Three cases of natural M. microti infections in red deer were identified (Table 1). The deer in case 1, a highly emaciated 9-year-old stag from the province of Vorarlberg, Austria, was humanely killed by a local game warden, who submitted the lungs, heart, and lymphatic tissues (including medial retropharyngeal, tracheobronchial, and mediastinal lymph nodes) fresh for pathoanatomic inspection. Thereafter, histologic examination and mycobacterial analysis of the lungs were performed. The deer in case 2 was a stag 1–3 years of age and in case 3 a hind >2 years of age, both in the province of Miesbach, Germany, where deer are regularly hunted. The heads, lungs, intestines, and associated lymph nodes were macroscopically inspected; subsequently, histopathologic and bacteriologic examinations of the lungs and lymph nodes were performed.
Mycobacterial Analyses and Histologic Examination
We isolated mycobacteria following a standardized protocol as described elsewhere (32). In brief, 2–3 g of minced tissue samples were homogenized in 5 mL 0.9% NaCl solution by using a rotating-blade macerator system (Ultra-Turrax IKA, https://www.ika.com). The suspension was decontaminated by using 1% N-acetyl-L-cystein-NaOH solution and neutralized with 20 mL phosphate buffer (pH 6.8). We centrifuged the solution for 20 min at 3300 × g and plated the obtained pellet on 2 growth media: Löwenstein-Jensen medium with glycerin and PACT (polymyxin B, amphotericin B, carbenicillin, and trimethoprim) and Stonebrink medium with pyruvate and PACT (BD, https://www.bd.com). Cultures of lung and lymph node specimens on solid Stonebrink medium yielded growth of suspicious mycobacterial colonies after 4–6 wk of incubation at 37°C. The isolates were identified by using GenoType MTBC reversed line blotting (Hain Lifescience, https://www.hain-lifescience.de). For histologic examination, we fixed tissue samples in 10% nonbuffered formalin for ≈48 h, then trimmed and routinely embedded them in paraffin wax. Sections of 3–4 μm were prepared and stained with hematoxylin and eosin (HE) and Ziehl Neelsen (ZN) or modified ZN (33).
Investigation of Phylogenetic Relationships
DVR spoligotyping (direct variable repeat spacer oligonucleotide typing) was performed using a commercial microarray system (Alere Technologies, https://www.globalpointofcare.abbott) with integrated data analysis as described elsewhere (29). Multilocus variable-number tandem repeats analysis (MLVA) was conducted based on the 24-loci panel standardized for M. tuberculosis typing (34). We amplified the single markers by endpoint PCR and subsequently analyzed them by using a capillary electrophoresis device (29). To investigate the phylogenetic relationships between the 3 isolates from red deer, we analyzed 8 additional strains isolated from different wild and domestic hosts that originated from the regions bordering Germany, Austria, and Switzerland by MLVA (Table 2). We calculated a neighbor-joining phylogenic tree based on the copy numbers of the tested loci using the MIRU-VNTRplus (https://www.miru-vntrplus.org/MIRU) server and exported it using MEGAX version 10.11 (35).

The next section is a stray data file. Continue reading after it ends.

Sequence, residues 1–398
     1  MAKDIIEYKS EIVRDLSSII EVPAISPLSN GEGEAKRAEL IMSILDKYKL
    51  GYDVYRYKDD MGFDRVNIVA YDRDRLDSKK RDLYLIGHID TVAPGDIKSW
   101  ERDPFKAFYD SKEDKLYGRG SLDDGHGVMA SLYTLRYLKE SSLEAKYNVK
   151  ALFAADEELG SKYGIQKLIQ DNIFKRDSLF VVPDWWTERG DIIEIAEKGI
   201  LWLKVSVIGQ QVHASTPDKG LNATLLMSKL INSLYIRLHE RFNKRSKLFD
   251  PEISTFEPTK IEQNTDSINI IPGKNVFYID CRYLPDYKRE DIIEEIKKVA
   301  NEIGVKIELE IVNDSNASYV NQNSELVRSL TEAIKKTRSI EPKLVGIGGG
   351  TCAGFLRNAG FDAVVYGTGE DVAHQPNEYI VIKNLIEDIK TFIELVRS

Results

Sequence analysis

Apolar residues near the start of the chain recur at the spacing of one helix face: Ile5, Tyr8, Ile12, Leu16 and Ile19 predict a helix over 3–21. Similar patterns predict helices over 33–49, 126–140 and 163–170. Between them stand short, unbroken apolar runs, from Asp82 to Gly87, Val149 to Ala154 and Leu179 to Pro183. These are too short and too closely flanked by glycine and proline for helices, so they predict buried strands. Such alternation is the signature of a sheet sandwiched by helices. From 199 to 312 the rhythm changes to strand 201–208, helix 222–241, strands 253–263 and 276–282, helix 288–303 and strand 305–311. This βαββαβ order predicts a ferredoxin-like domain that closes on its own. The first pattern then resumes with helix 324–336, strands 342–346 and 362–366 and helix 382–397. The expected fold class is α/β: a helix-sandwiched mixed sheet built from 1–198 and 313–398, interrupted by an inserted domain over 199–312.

Postmortem examination of the stag revealed multiple enlarged lymph nodes exhibiting a whitish cut surface. The lung tissue showed severe pyogranulomatous pleuropneumonia with multifocal to confluent cavernous granulomas of 2–10 mm diameter (Figure 1, panel A). Multifocal to coalescing granulomas of 4–25 mm diameter were observed on the surface of the epicardium (Figure 1, panel B). Histopathologic examination of the lung revealed a severe chronic multifocal to coalescing pyogranulomatous pneumonia with focal areas of fibrosis, central areas of necrosis and mineralization, surrounded by numerous epithelioid macrophages and a few multinucleated Langhans giant cells. Lymphocytes, plasma cells and occasionally well-differentiated fibroblasts surrounded the granulomas (Figure 1, panel C). Few extracellular and intracellular acid-fast bacilli were identified in the pulmonary lesions by using ZN staining (Figure 1, panel D).
Macroscopically, a single yellowish, pinhead-sized focus in the left dorsal main lobe of the lung of this stag was observed. Lymph nodes and intestines did not display any abnormalities. Histologically, the pulmonary focus consisted of macrophages and lymphocytes with single multinucleated Langhans-type giant cells in the lesion, surrounded by eosinophilic lymphocytes (Figure 2). Numerous eosinophilic granulocytes were seen in the pulmonary lymph node. These findings were compatible with a parasitic infestation. Intracellular acid-fast bacilli could not be identified by using modified ZN staining.
The caudal part of the main lobes of the lung of this hind showed multiple whitish foci <0.5 cm in size. Enlarged pulmonary lymph nodes and multifocal fibroblastic pleuritis were observed. The histologic examination revealed moderate purulent bronchitis and bronchiolitis with several intraluminal stages of lungworms and infiltration of numerous eosinophilic granulocytes. We observed very few multinucleated Langhans-type giant cells (Figure 3) and could identify no intracellular acid-fast bacilli in the lesions using modified ZN staining.